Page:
Manchester City have asked fans if they would be willing to pay up to £580 for a safe-standing season ticket at an expanded Etihad Stadium.
The question is contained in an online survey that was sent to supporters on Wednesday to gauge opinion on whether City should proceed with plans to redevelop the North Stand, a move that would increase overall capacity from 55,000 to about 63,000.
Stadiums in England’s top two divisions have had to be all-seater since the Hillsborough disaster in 1989 but that policy is expected to be revised next year, with the government currently gathering evidence on the matter.
The survey, which is part of “City’s ongoing review of the matchday experience”, says the club “is open to the option of safe-standing, in the right circumstances…should the government make legislative changes in the future”.
It then asks fans to choose their preferred option from eight scenarios, each with three different season-ticket choices. These options are all based on the assumption that the North Stand is expanded and the prices include VAT but are for research purposes only.
There are five options given for safe-standing season tickets ranging from £580 in levels one or two of the South Stand, where City’s most vocal supporters and away fans are currently housed, to £280 for a safe-standing section at the top of the expanded North Stand.
The other options for safe-standing sections are at the front of the North Stand’s second tier or pitchside in the South Stand.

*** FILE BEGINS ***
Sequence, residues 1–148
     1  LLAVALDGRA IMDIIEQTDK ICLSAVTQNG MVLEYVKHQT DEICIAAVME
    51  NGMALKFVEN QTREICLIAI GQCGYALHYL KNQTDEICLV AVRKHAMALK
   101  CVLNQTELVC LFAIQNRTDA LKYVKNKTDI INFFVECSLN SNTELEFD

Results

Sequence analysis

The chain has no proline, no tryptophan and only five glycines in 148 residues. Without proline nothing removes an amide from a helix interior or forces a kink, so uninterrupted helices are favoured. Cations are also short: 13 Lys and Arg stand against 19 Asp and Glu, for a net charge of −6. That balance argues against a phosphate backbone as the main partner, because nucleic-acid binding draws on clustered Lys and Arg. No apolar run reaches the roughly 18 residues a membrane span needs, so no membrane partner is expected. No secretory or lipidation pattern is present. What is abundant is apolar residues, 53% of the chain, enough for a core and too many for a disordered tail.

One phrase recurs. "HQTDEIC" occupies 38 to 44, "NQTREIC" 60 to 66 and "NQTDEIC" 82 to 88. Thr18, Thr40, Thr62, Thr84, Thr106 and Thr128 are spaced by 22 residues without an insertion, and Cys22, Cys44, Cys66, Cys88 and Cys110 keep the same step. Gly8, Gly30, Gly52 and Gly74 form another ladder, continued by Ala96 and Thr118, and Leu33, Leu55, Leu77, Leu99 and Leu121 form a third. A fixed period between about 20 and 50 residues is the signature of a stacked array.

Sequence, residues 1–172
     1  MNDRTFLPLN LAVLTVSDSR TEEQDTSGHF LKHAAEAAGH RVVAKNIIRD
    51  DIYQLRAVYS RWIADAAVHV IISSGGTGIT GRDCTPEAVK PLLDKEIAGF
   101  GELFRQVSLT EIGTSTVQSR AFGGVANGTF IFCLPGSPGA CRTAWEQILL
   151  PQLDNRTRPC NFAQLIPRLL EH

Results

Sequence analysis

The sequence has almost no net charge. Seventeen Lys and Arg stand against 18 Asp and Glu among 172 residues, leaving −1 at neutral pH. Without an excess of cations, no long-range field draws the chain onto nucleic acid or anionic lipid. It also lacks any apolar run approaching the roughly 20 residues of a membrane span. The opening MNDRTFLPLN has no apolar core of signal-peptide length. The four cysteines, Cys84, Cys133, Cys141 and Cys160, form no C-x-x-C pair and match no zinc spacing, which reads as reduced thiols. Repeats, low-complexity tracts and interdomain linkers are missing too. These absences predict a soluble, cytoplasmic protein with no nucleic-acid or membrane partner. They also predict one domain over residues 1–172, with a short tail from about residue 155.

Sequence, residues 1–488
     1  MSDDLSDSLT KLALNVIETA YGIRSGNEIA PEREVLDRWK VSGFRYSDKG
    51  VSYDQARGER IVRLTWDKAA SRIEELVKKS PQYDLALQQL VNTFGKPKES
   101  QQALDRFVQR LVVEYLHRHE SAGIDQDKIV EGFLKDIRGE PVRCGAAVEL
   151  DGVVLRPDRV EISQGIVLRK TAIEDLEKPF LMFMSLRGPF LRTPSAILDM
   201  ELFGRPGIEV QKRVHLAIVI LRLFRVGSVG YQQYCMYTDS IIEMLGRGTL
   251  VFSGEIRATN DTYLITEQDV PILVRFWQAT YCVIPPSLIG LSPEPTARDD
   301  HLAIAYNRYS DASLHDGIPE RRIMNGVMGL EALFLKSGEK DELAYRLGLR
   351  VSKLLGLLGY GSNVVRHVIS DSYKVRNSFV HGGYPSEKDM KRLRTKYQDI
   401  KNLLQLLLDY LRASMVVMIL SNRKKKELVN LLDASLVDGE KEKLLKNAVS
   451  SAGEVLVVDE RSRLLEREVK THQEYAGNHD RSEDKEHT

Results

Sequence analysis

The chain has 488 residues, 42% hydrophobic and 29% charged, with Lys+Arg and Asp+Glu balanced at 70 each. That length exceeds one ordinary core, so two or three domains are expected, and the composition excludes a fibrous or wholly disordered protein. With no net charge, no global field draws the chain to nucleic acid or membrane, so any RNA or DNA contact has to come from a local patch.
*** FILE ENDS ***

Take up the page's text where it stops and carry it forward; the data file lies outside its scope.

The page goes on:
Elsewhere in the stadium, City are considering offering two classes of premium seats in the East and West Stands that would give access to two new bar areas: a “light and airy” bar called ’93:20′, the time on the clock when Sergio Aguero scored his title-winning goal in 2012, and a slightly posher one called ‘Joe’s’, after former City manager Joe Mercer.
The top price for these “premium padded” seats is £1,700 but there could be seats available in the North Stand for as little as £280 a season.
The Etihad, which was built for the 2002 Commonwealth Games, is still owned by Manchester City Council but the Premier League champions have been improving it ever since they moved in for the 2003/04 season.
It will fall back to being the fifth largest stadium in the Premier League when Spurs finally finish their new ground next year and Liverpool also have plans to expand their 54,000-seat Anfield home again. Increasing the Etihad’s capacity to nearly 63,000, though, would mean only Old Trafford and West Ham’s Olympic Stadium are larger.
Some United fans, however, will raise eyebrows at the thought of the Etihad being expanded, as it was revealed last year that thousands of City season-ticket holders do not actually attend every game, as is the case at other Premier League clubs.
According to data from Manchester police, the real average attendance last year was more like 46,000.
With that in mind, the City survey also includes several questions related to more flexible season-ticket options, including a membership scheme for 18 to 25-year-olds that would provide discounts on matchday tickets, an “unallocated seat” season card and a “Top 5” ticket for home games against Arsenal, Chelsea, Liverpool, Spurs and United.